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Is too much red tape behind a housing shortage in Oslo?

Robin-Ivan Capar
Robin-Ivan Capar - [email protected] • 2 Nov, 2022 Updated Wed 2 Nov 2022 12:50 CEST
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Oslo is currently facing a demand crisis when it comes to housing. Photo by Angel Luciano / Unsplash

Norway's capital is facing a severe housing shortage. While several factors are contributing to the issue, excessive red tape is being singled out as a particularly persistent problem by experts.


The lack of housing in Oslo results from insufficient construction developments over 15-20 years. Most experts agree that there are no quick fixes to the problem, which is characterized by several factors.

In recent months, real estate industry veterans have warned that too much bureaucracy is also hampering new development.

According to the newspaper DN, the time it takes until a planned residential area is given approval by the Agency for Planning and Building Services has been highlighted as a key contributor to Oslo's housing shortage.

This year, the consultancy Prognosesenteret AS has calculated that the number of new homes will only cover half of the need in the capital.


Bureaucratic bottleneck

After getting substantial criticism from the public and a municipal audit in recent years, Oslo's Agency for Planning and Building Services has announced it would make the process more efficient.

It has failed in doing so. After years of streamlining attempts, case processing now takes twice as long, according to DN.

Two different directors have managed the agency during the past five years - and both have rolled out different measures aimed at tackling the issue.

In the said period, the time spent on planning work has doubled. In 2017, it took an average of 928 days until planning proposals were given a final municipal decision, corresponding to two and a half years. Now, planning cases take an average of 2,048 days, i.e., just over five and a half years.

The current agency chief, Kari Andreassen, admits that things aren't moving in the right direction.

"We are not satisfied that it (note: the case processing) takes so long," she said, adding that the increase in case processing times is due to limited space in the capital, as well as higher ambitions for "housing quality, climate standards, and participation from other agencies."

"We want to make room for even more people in areas with limited space," Andreassen says.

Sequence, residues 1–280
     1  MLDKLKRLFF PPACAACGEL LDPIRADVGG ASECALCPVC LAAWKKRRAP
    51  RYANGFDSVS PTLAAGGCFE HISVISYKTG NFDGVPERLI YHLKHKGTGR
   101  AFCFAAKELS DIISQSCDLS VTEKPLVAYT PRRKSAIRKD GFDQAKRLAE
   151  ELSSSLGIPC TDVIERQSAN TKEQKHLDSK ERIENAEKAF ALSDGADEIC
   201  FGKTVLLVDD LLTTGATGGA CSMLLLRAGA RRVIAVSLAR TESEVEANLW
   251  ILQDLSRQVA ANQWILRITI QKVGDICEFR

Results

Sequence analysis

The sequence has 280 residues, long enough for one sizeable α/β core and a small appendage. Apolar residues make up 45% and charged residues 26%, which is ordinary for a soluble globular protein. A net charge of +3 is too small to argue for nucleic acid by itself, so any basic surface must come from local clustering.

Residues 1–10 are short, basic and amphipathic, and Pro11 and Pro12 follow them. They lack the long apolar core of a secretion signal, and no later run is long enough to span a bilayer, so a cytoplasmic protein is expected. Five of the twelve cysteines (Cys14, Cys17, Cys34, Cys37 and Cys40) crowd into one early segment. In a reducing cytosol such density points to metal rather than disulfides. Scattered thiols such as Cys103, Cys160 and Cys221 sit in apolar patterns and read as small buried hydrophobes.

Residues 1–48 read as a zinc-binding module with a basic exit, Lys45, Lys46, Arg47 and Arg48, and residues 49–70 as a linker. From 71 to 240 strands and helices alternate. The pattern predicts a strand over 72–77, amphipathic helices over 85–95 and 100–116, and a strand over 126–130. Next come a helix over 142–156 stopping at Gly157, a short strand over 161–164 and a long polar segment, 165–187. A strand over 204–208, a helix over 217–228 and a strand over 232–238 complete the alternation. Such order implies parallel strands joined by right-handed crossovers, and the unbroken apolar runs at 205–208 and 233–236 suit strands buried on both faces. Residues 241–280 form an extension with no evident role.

The agency is also struggling to meet legal deadlines for building applications.


Lack of housing drives up rental and property prices

By the end of 2022, roughly 1,850 new homes will be put up for sale in Oslo - almost 1,200 homes fewer than what is needed to meet annual demand, according to Andreas Martinussen, CEO of one of the Nordic region's leading property developers, Nordr.

Rising material prices, supply chain issues, the war in Europe, and interest rate increases are all negatively affecting housing projects.

However, according to the housebuilders' association Boligprodukterene, housing development in Oslo is also significantly slowed down by today's lengthy planning and regulatory processes.

In addition, several new construction restrictions have been put in place in parts of the capital.


As the leader of Real Estate Norway, Henning Lauridsen, told The Local in a recent phone call, Oslo is currently facing a demand crisis when it comes to housing. Real-estate industry veteran and Real Estate Association (NEF) chief Carl O. Geving agrees.

He notes that the aforementioned problems in the capital – as well as the effects of the pandemic – have led to a demanding situation both for people looking to rent and those looking to buy a property in Oslo.

"We also see increasing demand in the rental market; that is correct. The market is very tight, especially in Oslo, because of the lack of possibilities to rent apartments.

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"The number of second homes for rent in Oslo has decreased from 59,000 to 54,000 since 2019. So, in Oslo, it is quite difficult to find an apartment for rent – the fact that the construction of small apartments in the capital is limited, the tax framework, and the decrease in the number of investors in construction projects also make the situation worse," Geving told The Local in late July.



Robin-Ivan Capar 2022/11/02 12:50

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